Yesterday, I went on my first run after ten weeks of not doing so. Yep. Ten whole weeks.

About, eleven weeks ago, I went on my last long run of training for the Minneapolis Half Marathon. I set out for a two hour run and went 12.5 miles. It was a bit of a slog after I hit a wall at about mile nine. But, that was the same place I hit a wall in my first half-marathon so that was OK. I now know where that wall is. After I made it back home I was a bit sore but still felt like I had a bit more “left in the tank” and felt good about my overall time and pacing.

Then, after a few days of recovery my shins were still pretty sore. I began to get worried so I decided to go for a very short run to work out the kinks and see how I felt. Well, every step felt like my shins were on fire. I barely ran a mile like this and, at the point of tears from the pain, I walked home. I spent the next two days massaging with a couple of rollers, icing, modifying my nutrition, and just about every other tip I could find to see if I could fix it. The day before the marathon, I decided to try that same short run to see if I could make it. Same problem. I was certain it was shin splints. This is a common injury for those who have tried to increase their running distance too fast (as I had done). And, though I had paid the registration fee and picked up my race packet, I decided right then to bow out of the race. It was for the best.

I knew it would take a few weeks of babying my shins to heal. Resting, icing, massaging, stretching, etc. All of which I did. It was going to be a pain in the ass because I really had worked hard to form a routine — a habit — of running. I knew a couple of weeks off meant that I would spend every two to three days with the urge to go for a run. I also knew that, once I got back out there, I would need to take my time and be careful not to make the same mistake twice. All I would have to do is to fight that urge until I was well rested and healed. Then just give into it when the time came. It would still be there if I healed up soon enough. Which was the plan.

But then, two to three weeks became three to four. I always put it off to tomorrow. Then each tomorrow became just another tomorrow. And, each time I said tomorrow it became easier to say it again when tomorrow came. And, soon enough, I had formed a new habit…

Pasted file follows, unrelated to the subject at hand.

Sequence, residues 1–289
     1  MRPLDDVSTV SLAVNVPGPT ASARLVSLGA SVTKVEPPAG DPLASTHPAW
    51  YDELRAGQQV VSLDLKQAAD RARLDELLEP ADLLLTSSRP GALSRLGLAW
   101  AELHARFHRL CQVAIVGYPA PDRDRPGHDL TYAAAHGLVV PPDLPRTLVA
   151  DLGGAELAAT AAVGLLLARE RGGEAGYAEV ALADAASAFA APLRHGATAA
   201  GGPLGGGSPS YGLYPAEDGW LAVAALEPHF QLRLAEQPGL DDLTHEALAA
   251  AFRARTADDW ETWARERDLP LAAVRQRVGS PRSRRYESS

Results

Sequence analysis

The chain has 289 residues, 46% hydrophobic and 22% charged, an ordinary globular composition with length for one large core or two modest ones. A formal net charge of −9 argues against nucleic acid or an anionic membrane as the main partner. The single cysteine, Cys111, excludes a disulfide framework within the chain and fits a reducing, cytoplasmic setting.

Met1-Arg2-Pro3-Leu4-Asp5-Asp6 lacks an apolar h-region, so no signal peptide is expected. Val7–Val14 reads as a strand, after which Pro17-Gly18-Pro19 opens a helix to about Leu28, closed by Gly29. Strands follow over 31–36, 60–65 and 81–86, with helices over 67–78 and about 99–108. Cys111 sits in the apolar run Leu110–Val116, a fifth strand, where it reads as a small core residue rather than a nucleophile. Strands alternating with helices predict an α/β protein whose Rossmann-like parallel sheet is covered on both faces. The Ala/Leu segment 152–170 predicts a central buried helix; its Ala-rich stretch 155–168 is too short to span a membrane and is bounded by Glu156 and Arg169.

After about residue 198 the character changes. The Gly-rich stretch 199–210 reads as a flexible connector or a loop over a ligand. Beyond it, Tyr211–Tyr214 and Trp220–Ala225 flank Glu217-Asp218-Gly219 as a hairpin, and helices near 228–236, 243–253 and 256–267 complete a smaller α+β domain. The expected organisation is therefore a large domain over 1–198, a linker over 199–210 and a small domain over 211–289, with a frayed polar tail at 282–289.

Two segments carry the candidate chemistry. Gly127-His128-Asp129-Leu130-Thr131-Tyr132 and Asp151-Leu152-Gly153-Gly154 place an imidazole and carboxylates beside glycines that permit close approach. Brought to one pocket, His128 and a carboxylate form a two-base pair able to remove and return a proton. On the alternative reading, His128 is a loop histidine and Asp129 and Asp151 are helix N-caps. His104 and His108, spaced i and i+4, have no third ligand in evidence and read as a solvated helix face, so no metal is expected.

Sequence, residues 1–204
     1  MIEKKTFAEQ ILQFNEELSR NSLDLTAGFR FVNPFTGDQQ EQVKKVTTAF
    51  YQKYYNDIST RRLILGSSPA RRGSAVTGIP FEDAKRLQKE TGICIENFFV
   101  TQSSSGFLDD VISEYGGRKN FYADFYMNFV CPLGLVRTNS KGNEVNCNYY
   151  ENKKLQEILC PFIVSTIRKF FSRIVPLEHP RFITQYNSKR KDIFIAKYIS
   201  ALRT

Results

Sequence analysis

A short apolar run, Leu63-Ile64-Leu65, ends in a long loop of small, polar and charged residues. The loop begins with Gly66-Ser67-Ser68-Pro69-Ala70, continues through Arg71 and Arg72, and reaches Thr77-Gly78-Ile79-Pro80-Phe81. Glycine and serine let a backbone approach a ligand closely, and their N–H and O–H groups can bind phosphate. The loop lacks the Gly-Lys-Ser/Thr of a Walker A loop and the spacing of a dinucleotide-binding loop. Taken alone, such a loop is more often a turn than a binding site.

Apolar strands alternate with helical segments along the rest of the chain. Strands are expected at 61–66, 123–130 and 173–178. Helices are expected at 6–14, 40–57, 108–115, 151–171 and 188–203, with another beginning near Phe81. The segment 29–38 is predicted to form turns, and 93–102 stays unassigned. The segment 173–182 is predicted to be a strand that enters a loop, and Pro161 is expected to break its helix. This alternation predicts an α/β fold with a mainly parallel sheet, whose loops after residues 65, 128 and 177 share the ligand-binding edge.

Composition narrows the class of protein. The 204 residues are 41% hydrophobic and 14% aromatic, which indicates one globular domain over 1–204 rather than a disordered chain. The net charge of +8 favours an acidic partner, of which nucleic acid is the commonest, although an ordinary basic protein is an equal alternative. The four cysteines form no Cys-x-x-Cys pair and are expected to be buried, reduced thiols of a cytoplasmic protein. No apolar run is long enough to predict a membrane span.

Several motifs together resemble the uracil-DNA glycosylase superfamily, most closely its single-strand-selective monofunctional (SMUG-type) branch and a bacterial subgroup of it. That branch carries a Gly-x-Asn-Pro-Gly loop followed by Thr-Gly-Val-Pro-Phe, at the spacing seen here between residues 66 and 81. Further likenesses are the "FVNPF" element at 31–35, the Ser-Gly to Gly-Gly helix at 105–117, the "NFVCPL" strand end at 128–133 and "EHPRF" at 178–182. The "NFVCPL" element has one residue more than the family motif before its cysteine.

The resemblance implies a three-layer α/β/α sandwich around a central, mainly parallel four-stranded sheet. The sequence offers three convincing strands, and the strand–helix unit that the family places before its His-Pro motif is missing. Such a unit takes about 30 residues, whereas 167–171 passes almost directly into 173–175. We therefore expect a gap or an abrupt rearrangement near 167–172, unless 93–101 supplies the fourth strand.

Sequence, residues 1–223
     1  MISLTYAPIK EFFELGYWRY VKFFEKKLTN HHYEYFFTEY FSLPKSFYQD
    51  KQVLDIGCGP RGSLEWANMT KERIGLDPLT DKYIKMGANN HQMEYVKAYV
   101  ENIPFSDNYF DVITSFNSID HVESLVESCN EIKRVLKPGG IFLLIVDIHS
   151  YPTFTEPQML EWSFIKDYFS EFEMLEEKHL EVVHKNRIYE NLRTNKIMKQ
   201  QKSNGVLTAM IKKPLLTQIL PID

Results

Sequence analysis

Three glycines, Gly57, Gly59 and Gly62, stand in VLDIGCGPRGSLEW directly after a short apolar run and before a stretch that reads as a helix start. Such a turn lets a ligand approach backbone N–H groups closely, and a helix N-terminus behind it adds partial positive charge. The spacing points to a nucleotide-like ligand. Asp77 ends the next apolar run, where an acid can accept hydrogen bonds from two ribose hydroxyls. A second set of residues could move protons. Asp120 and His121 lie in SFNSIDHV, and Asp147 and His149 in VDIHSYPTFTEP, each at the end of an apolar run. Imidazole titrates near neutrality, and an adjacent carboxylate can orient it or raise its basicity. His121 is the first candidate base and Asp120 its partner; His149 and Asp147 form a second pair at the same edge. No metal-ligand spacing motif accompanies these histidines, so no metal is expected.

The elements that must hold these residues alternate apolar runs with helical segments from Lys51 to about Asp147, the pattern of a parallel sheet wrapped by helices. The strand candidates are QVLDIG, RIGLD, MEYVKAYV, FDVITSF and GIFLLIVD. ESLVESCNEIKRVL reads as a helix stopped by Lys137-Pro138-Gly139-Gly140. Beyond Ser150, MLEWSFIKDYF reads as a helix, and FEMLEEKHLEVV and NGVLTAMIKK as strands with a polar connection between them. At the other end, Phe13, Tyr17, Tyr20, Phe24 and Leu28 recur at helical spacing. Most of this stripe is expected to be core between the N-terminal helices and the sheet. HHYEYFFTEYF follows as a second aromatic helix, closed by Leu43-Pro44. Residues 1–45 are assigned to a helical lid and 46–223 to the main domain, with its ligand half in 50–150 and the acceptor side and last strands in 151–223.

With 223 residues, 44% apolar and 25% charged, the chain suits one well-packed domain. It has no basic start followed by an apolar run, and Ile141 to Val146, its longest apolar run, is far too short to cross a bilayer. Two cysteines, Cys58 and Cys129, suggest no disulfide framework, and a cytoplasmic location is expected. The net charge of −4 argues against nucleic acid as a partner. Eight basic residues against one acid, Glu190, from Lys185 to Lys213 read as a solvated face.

A not-running habit. A tomorrow habit.

I had spent a good month or so when I started running coaxing myself to put on the shoes and get out the door. But, each time it required less and less coaxing. Until, eventually, I did it naturally because I had formed a running habit. Not running was not an option becuase I got a nagging feeling every time the time came to run.

Well, what I discovered is that one can form habits in the opposite direction as well. And, they work just like forming any other habit. The more you say no the easier it becomes to say it again.

This is true in other areas of our life too. That task on your list you keep putting off will become easier and easier to put off until, eventually, you form a “putting that particular task off” habit. That dream you keep talking about pursuing but never do, eventually becomes a “talking about it but never chasing the dream” habit. You get the idea.

The only way to break any habit is to eat that frog and replace it with a new one.

So, yesterday, I decided I needed to replace and rebuild my running habit. I refused to let it be just another tomorrow again. After so much time off, I would need to form the habit all over again. And the only way to start was to strap on my shoes, get out the door, and go.